Gauteng

In November 2018, the Legacy Living website announced what many South Africans had been hoping for... that the Leonardo in Sandton will be Africa's tallest building on completion (it probably won't hold the record for long with the Pinnacle under construction in Nairobi). Assuming the announcement is accurate, the building will reach 234m into the sky. This will be 11m higher than the 223m Carlton Centre completed in the mid 1970s.

 

Phillip Tobias passed away in 2012 aged 87. Lucille Davie was lucky enough to sit down with him in 2009 and chat about his remarkable life. Below is an article she wrote after the in-depth interview. It was originally published on the City of Joburg's website on 19 November 2009. Click here to view more of Davie's work. The image above shows the Tobias bust at the Sterkfontein Caves.

A friend who grew up in Germiston claimed at his recent birthday bash that while you could leave Germiston, it would never leave you. His words mulled through my mind as I arrived at the Primrose Cemetery. Visiting a historic cemetery like Primrose is similar to visiting an interesting museum. Instead of viewing artifacts one sees the tombstones of people who participated in events that may have shaped one’s life in one way or another. One also starts better interpreting the tombstone symbols and appraising the epitaphs. 

 

Many readers will be aware that the Joburg Cenotaph was vandalised recently. The City of Joburg's Heritage Department pulled out all the stops to ensure that it was cleaned before the hugely important National Remembrance Sunday Service on 11 November 2018. Below are before, during and after photos via The Heritage Portal and Sticky Situations.

 

Before

Markhams Building, located on the corner of Eloff and Pritchard Streets in Johannesburg, is a landmark of the city. It is striking because it has survived. Built in 1897, it is nearly as old as the city itself.

 

Below is the third installment of a fantastic series on Cullinan based on John Lincoln's book 'Stories from a Diamond Mine'. It highlights the work of William McHardy, the General Manager of Premier Mine, and reveals details of family life in the village. Click here to view the series index.

The McHardy Family

In the article below, journalist Lucille Davie tells the story of the creation of the Fietas Subway mural. The article was first published on the City of Joburg's website on 10 November 2010. The mural is impressive but it has not been given the respect it deserves. In 2018 it is a shadow of its former self covered in graffiti and advertising.

Perhaps you recall the 1980s advert, ‘Where did you have your first Campari? – in Benoni.’ That was well before Charlize Theron made Benoni famous.

Well, you do not have to be a taphophile (someone who takes an interest in cemeteries and tombstones) or require a taste for Campari to visit the Rynsoord Benoni Cemetery.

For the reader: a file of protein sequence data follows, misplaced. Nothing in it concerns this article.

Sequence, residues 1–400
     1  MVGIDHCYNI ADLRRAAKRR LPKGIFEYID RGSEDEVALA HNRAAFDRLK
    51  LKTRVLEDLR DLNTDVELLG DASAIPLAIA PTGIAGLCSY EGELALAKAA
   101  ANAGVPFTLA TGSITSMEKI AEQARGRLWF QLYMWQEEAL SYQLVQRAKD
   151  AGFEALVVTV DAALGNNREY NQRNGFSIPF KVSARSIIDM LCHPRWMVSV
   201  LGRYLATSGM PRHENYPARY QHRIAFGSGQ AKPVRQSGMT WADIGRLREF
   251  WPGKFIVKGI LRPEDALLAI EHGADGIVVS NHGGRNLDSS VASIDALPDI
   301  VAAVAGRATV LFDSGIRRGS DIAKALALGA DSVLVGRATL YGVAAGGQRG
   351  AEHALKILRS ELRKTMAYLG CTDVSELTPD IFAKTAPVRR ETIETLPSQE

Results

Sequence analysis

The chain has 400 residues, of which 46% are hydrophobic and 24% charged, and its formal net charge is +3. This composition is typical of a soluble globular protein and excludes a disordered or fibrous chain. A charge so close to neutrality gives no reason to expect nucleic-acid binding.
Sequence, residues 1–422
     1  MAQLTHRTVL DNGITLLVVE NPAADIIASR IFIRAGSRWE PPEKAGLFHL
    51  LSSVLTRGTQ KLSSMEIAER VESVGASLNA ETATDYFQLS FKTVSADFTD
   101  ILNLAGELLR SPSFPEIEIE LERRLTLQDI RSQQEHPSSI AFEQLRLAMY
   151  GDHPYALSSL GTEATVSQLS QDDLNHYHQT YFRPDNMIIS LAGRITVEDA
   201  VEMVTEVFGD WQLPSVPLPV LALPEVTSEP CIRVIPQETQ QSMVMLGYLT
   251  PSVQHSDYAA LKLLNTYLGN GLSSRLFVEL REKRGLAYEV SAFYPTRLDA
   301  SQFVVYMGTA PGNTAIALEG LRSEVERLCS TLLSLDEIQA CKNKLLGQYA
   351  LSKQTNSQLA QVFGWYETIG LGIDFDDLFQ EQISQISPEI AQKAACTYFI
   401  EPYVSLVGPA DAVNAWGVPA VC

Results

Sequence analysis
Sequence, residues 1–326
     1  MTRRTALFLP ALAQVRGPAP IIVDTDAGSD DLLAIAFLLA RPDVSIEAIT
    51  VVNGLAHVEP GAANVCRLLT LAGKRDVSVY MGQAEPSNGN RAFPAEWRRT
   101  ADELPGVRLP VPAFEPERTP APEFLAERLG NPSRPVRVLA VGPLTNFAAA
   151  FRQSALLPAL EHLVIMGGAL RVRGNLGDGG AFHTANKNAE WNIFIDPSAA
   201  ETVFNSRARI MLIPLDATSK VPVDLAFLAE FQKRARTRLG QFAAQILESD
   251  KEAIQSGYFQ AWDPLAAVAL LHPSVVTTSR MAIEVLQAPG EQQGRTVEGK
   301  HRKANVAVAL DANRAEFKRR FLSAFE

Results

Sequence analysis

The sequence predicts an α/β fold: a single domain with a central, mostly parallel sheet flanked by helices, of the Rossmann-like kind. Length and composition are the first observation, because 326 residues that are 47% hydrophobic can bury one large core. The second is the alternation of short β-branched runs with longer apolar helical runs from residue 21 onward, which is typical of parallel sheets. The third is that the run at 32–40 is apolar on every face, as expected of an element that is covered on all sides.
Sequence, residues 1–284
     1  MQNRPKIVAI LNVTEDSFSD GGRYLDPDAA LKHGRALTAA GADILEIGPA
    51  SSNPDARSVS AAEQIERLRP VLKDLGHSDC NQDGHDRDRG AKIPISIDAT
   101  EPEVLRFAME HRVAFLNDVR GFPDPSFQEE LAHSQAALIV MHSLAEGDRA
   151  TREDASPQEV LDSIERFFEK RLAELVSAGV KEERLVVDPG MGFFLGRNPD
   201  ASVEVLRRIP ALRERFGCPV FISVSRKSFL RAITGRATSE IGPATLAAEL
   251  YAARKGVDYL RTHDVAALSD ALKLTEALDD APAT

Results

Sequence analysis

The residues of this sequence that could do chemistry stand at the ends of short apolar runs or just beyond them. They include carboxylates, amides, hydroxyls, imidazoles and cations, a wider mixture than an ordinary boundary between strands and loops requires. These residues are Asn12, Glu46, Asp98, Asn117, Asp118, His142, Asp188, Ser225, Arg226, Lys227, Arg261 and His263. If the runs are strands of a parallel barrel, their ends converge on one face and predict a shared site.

Johannesburg has dozens of remarkable staircases inside its houses, hotels, offices, churches, fire stations and apartment buildings. Some are well known while others are more obscure. Below are ten of my favourite. Enjoy! Feel free to send through pics of your favourites.

Stewarts and Lloyds Building / Marshdale House

In a recent article published by the author (click here to view), reference was made to a modern photographic phenomenon, namely “found photographs”. In short: “Found photographs” are discarded vintage photographs typically found at charity stores, car boot sales, flea markets or antique fairs. As a single image, any “found” or the converse thereof, “lost” photograph, has sadly lost its original context when viewed by a total str

John Lincoln's wonderful book 'Stories from a Diamond Mine'  tells the story of the Premier Mine (today the Cullinan Mine) and the village that grew up around it. We are honoured to be able to reproduce the book as a series (click here to view index). Below is the first installment which traces the history of Minnaars' Farm and reveals the complex story of how the land was acquired by Thomas Cullinan.

In the article below, journalist Lucille Davie ventures across old Joburg mining land tracking the activities of 21st century gold prospectors. She reveals the secret nature of their enterprises and describes the innovative processes used to extract the gold from multiple sources. The article was originally published on the City of Joburg's website on 4 October 2006 (Joburg's 120th birthday). Click here to view more of Davie's work.

I think Heritage Portal readers will be interested in my archival sleuthing. I have found the blueprint of the original plan for the Parktown home Gordon Leith designed in 1927. Then called Morgenzon for the Coddingtons and built in 3rd Avenue Parktown, Johannesburg. The name changed to Le Tholonet and the house became the home of Clive and Irene Mennell after World War II.

In March 1922 the Italian painter and sculptor Francesco La Monaca produced a bust of Sir Henry Rider Haggard, the author of King Solomon’s Mines, Allan Quatermain and She, which formed part of an exhibition at the Bromhead, Cutts and Company’s Fine Art Gallery, 18 Cork Street, London, featuring 34 busts in bronze and marble by La Monaca of eminent English figures of the time including George Bernard Shaw, Sybil Thorndike, and Randall Davidson, the Archbishop of Canterbury.

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